Measurement dataan extrinsic reward?

It’s well researched that introducing external rewards to an intrinsically motivated behavior makes people do less of it when the rewards are removed. In a classic experiment from the 1970s⁶, children who were rewarded for coloring shapes colored less in a subsequent session; their interest to engage in an inherently enjoyable activity had declined.

This phenomenon, coined the overjustification effect, is thought to be driven by a shift in perceived causality: Receiving a reward makes people infer that perhaps they didn’t engage in the activity for its own sake after all; they did it to receive money or prizes after the activity.

Interestingly, more recent experiments have found a reverse effect when attention is shifted towards the activity itself or its immediate rewards (vs. its delayed benefits). In one study, gym goers who paid attention to the experience of exercising had more fun and spent a longer time on the treadmill compared to the ones thinking about what they can achieve by working out⁷. In another study, research participants finished more sets when they selected a workout based on how much they liked it as opposed to what they could get from it⁸.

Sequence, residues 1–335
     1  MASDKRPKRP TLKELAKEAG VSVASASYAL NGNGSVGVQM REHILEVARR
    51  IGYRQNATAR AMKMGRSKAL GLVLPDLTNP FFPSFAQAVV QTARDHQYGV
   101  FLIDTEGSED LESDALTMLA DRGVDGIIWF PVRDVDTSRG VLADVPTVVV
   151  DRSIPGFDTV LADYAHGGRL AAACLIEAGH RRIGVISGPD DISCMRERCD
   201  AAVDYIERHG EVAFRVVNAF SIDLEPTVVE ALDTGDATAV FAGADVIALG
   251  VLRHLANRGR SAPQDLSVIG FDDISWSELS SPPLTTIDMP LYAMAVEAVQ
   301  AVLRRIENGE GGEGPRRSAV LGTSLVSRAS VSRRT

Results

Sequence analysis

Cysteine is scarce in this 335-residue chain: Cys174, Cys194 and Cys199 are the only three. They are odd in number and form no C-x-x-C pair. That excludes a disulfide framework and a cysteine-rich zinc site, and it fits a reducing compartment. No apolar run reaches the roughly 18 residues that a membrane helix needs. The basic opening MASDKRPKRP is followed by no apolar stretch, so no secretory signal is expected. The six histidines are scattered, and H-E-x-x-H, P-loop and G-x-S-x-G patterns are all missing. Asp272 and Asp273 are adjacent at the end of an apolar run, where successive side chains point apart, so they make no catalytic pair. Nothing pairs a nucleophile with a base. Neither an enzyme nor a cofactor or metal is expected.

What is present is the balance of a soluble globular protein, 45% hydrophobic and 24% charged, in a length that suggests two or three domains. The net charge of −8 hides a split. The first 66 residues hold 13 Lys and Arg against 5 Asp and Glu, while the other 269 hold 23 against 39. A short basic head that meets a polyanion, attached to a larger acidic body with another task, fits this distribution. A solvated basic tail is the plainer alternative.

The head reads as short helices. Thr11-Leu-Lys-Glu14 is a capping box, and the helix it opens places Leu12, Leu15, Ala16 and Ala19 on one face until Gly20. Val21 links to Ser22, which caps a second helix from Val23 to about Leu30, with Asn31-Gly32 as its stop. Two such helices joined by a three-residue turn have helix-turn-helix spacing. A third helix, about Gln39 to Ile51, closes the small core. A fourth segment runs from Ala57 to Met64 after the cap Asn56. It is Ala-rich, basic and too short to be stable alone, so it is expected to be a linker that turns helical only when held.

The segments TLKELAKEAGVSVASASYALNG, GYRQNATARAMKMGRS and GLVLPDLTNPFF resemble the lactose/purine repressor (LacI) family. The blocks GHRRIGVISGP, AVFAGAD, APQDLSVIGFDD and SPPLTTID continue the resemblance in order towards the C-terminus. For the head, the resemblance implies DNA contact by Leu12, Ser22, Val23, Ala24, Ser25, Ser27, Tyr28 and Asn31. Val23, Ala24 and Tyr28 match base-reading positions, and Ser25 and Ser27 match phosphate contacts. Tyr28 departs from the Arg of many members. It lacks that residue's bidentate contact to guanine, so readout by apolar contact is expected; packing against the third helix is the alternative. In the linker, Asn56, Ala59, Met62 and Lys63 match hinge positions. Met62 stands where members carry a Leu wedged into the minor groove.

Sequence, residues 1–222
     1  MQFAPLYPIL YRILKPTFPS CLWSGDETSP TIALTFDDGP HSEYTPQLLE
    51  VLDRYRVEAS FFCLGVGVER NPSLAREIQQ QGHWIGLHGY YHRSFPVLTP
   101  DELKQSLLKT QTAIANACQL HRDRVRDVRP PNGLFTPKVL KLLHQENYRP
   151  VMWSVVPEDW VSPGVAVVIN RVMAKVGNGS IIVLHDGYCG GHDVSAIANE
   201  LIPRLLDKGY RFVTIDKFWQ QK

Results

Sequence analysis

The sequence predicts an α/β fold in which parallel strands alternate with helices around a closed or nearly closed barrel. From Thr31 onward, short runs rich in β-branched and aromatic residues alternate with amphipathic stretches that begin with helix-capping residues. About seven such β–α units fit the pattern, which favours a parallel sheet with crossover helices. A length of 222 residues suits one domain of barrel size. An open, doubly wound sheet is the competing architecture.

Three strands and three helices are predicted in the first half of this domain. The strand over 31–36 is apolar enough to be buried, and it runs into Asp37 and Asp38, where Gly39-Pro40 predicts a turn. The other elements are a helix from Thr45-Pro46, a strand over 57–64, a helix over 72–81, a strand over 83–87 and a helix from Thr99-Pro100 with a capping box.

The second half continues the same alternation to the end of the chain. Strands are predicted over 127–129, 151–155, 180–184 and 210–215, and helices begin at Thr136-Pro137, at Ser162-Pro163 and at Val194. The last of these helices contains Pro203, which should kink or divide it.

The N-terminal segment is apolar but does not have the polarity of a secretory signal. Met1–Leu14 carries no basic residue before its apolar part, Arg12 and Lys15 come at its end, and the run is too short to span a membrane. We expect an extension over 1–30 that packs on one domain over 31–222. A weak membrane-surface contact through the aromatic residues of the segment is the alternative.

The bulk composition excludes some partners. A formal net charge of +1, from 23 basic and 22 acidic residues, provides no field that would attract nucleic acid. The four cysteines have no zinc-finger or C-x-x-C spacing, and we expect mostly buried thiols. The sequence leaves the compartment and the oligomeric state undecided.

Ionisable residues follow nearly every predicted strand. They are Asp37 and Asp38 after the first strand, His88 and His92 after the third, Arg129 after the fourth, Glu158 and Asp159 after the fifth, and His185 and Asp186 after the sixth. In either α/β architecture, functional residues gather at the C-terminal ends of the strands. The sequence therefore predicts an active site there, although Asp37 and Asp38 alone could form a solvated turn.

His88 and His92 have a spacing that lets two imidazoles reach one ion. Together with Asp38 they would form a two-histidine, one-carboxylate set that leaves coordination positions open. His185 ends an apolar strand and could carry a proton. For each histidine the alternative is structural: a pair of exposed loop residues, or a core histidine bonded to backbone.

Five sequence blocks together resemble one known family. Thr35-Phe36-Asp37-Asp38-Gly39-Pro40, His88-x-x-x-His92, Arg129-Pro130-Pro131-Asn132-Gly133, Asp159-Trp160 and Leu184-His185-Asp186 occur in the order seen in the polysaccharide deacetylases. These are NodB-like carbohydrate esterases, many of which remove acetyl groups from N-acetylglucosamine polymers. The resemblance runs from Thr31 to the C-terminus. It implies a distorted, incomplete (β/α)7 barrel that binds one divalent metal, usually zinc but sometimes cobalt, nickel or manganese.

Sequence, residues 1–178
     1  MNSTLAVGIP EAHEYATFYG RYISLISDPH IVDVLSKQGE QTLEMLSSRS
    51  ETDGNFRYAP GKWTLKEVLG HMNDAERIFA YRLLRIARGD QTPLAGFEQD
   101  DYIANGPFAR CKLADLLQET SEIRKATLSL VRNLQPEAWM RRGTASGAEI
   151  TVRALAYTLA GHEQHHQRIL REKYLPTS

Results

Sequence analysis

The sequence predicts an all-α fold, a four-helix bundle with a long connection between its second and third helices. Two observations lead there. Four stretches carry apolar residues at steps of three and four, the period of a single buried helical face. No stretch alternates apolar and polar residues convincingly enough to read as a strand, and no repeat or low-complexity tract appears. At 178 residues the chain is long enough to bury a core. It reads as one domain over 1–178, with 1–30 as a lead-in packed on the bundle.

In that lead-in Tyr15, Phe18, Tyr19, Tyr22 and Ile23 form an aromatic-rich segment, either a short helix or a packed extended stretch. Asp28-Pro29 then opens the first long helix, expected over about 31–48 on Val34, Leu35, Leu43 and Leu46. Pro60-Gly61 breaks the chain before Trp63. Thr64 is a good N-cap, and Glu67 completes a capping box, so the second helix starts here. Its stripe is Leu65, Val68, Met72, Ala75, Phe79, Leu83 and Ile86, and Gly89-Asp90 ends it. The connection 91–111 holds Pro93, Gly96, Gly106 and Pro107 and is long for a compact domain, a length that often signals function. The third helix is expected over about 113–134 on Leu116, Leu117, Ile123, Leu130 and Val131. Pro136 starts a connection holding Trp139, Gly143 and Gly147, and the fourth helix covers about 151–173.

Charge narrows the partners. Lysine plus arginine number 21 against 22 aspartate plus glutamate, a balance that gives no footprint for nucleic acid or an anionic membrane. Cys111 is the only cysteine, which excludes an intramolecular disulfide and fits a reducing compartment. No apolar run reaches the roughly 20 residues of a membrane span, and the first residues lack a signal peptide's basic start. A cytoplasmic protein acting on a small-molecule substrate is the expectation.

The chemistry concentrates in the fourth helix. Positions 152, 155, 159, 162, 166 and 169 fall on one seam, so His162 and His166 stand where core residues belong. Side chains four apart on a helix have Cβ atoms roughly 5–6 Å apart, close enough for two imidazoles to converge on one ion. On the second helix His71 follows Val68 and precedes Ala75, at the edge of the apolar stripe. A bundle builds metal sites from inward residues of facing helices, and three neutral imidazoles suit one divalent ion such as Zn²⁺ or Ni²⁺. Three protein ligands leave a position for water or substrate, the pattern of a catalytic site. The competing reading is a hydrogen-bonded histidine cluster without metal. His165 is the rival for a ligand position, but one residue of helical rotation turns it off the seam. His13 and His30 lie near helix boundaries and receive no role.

Recent theoretical developments help make sense of these findings. According to them, intrinsic motivation results from the activity and its goal overlapping⁹.

Let’s take my beloved hobby climbing as an example. If I go bouldering so that I can solve physical “problems” and hang out with friends, I’m intrinsically motivated; but if I go bouldering so that I can someday effortlessly climb a challenging 7B route, I’m extrinsically motivated. In the former, I’m reaching my goals while climbing, and in the latter, in the unforeseeable future (if ever).